My favorite low-energy activities to enjoy with loved ones

How I balance family fun with my body's limitations

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by Jen Cueva |

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As the temperature climbs, many of us are itching to soak up some sun and make memories with our loved ones. But if you have pulmonary hypertension (PH) like me, you may often feel too drained to fully enjoy those golden opportunities.

Are you torn between the desire to join in on family fun and the reality of your body’s limitations? You’re not in that boat alone.

In today’s whirlwind world, carving out quality time with family can feel like a quest for hidden treasure. Our calendars are packed, and we’re all chasing those rare moments of connection with our loved ones. However, navigating the stormy seas of PH and other rare or chronic diseases makes it even trickier to juggle daily life and to maintain relationships.

Now’s the time for a fresh take on managing our time and energy. Yes, we’re all in for fun family times, but let’s remember the challenges of PH. We must pay attention to our energy level, set our own pace, and find that sweet spot where we can strengthen family bonds while also looking after ourselves.

Navigating the hustle of life, especially with family commitments in the mix, can be a juggling act. But I’ve discovered that a shift in perspective can turn these challenges into opportunities for joy and connection. Following are some of my go-to activities that are low on effort but high on fun.

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Chill out with slower living

Those who know me understand that I’m all about chill vibes. Since COVID-19 hit, smaller gatherings and a slower pace have become my jam — though, now that I think about it, they probably always were. My journey with PH and subsequent conditions has taught me to loosen up and embrace the art of slow living.

Slow living isn’t about doing less; it’s about savoring more. It’s the freedom to march to the beat of your own drum, take breaks, and let everyone recharge. I’ve had the most profound conversations and connections in these quiet moments, strengthening the family fabric with trust and understanding.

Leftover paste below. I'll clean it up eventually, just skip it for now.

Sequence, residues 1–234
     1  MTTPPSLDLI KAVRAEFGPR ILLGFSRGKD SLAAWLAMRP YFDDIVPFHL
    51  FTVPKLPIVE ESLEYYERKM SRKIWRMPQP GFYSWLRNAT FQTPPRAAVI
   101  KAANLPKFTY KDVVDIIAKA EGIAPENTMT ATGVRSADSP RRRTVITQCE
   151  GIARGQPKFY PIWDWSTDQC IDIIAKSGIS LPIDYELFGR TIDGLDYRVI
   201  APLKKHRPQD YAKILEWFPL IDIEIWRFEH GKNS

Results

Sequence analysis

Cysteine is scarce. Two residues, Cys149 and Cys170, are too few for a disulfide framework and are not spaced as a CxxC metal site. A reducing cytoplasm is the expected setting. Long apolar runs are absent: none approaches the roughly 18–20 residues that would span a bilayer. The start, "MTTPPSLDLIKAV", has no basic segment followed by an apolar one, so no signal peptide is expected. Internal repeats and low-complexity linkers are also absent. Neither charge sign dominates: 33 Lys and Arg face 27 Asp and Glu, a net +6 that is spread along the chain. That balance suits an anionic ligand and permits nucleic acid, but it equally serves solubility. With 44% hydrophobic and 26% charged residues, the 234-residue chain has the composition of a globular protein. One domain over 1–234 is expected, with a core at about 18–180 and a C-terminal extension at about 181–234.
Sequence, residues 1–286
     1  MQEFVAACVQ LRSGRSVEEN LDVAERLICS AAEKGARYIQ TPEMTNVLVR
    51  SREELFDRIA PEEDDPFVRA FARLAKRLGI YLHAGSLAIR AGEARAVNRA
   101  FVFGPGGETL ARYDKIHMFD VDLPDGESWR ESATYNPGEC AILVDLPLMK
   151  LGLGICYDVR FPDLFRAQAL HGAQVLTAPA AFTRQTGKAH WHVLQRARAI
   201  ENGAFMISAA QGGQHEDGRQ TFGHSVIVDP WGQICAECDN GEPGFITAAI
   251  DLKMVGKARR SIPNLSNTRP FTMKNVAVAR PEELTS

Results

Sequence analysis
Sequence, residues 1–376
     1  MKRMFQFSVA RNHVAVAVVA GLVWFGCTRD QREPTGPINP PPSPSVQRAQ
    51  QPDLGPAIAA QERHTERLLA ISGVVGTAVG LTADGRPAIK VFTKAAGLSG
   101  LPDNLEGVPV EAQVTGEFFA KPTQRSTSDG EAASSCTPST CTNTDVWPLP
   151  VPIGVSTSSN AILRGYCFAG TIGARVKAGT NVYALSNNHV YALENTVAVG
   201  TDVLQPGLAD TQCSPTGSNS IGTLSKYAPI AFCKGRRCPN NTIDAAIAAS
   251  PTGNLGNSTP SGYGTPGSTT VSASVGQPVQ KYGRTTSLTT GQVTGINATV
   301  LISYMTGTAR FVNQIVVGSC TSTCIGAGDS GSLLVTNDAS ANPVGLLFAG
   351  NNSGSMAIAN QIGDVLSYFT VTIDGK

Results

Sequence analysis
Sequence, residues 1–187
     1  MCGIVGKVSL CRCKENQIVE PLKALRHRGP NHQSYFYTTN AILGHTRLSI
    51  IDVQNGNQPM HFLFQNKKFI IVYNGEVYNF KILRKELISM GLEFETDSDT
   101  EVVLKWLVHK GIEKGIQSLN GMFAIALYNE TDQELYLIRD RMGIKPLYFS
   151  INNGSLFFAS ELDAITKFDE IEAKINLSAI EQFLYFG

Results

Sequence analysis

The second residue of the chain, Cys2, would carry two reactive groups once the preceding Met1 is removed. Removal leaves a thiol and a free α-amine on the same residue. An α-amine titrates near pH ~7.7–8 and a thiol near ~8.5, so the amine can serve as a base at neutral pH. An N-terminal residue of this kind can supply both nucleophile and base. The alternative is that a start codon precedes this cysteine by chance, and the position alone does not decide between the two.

Embracing slow living means appreciating the journey as much as the destination. It involves celebrating each small step and acknowledging the contributions of every family member. This approach turns ordinary moments into celebrations of life’s beauty, with a focus on cherished love and connections.

I often work and chat with my daughter at our favorite local coffee shop. On days when my energy wanes, relaxing with Netflix, preparing simple meals or snacks in our pajamas, or just lounging around serve as blissful reminders to savor life’s simple pleasures. After all, isn’t that what truly matters?

Enjoy nature

When life’s pace picks up, especially with PH in the mix, it’s time to let nature do its healing. There’s something incredibly soothing about spending quality time outdoors with my family or even just soaking in the fresh air from my patio. Get ready for some fun ideas for enjoying nature together.

Consider leisurely strolls (or rolls) in nearby parks. Imagine the warmth of the sun, the melody of birds, and the joy of a relaxed walk with your loved ones in a scenic setting. If you can’t go far, a backyard picnic works wonders, too. Just grab a blanket and snacks and enjoy each other’s company under the sky.

My ultimate chill-out spot? The beach. Lying there, soaking in the sun with family, and getting lost in a good book is bliss. Moving to Southern California has only made this easier. We often grab a bite and relish the sunshine, ocean breezes, and lively scenes.

Quality time with family nourishes our souls, providing a sense of belonging and support that fuels us during tough times. Who doesn’t need that?

What are your favorite low-energy activities to do with family? Please share in the comments below.

Note: Pulmonary Hypertension News is strictly a news and information website about the disease. It does not provide medical advice, diagnosis, or treatment. This content is not intended to be a substitute for professional medical advice, diagnosis, or treatment. Always seek the advice of your physician or other qualified health provider with any questions you may have regarding a medical condition. Never disregard professional medical advice or delay in seeking it because of something you have read on this website. The opinions expressed in this column are not those of Pulmonary Hypertension News or its parent company, BioNews, and are intended to spark discussion about issues pertaining to pulmonary hypertension.


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